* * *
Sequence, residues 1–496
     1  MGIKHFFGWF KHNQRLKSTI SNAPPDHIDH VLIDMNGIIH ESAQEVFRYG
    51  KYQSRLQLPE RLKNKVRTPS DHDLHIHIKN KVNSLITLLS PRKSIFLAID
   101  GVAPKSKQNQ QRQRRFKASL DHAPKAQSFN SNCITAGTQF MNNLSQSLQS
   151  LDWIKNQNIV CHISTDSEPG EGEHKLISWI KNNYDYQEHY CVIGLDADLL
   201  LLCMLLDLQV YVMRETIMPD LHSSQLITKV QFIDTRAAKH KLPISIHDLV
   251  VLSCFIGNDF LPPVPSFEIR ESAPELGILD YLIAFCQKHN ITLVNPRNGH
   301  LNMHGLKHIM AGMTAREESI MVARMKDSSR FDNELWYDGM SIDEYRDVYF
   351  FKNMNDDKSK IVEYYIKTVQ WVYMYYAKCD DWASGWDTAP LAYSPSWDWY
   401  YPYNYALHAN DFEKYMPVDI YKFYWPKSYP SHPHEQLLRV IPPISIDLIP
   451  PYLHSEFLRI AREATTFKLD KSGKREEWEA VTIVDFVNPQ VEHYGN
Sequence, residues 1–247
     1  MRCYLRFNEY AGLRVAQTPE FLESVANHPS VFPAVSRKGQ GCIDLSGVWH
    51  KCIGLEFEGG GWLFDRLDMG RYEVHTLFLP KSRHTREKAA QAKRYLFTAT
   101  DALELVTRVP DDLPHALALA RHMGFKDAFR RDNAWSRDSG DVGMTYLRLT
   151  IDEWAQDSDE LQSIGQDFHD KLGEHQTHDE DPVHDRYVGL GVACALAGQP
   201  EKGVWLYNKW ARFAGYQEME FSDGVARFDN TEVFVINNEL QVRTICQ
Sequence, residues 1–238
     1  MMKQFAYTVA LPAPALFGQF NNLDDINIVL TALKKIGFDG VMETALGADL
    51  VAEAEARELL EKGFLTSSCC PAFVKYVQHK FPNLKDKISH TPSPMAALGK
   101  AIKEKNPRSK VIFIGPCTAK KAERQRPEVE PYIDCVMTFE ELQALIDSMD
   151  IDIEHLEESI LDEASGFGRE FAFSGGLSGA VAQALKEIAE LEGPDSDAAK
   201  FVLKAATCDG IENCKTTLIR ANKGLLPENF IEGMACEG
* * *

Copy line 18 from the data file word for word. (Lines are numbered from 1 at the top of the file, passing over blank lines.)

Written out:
Sequence, residues 1–238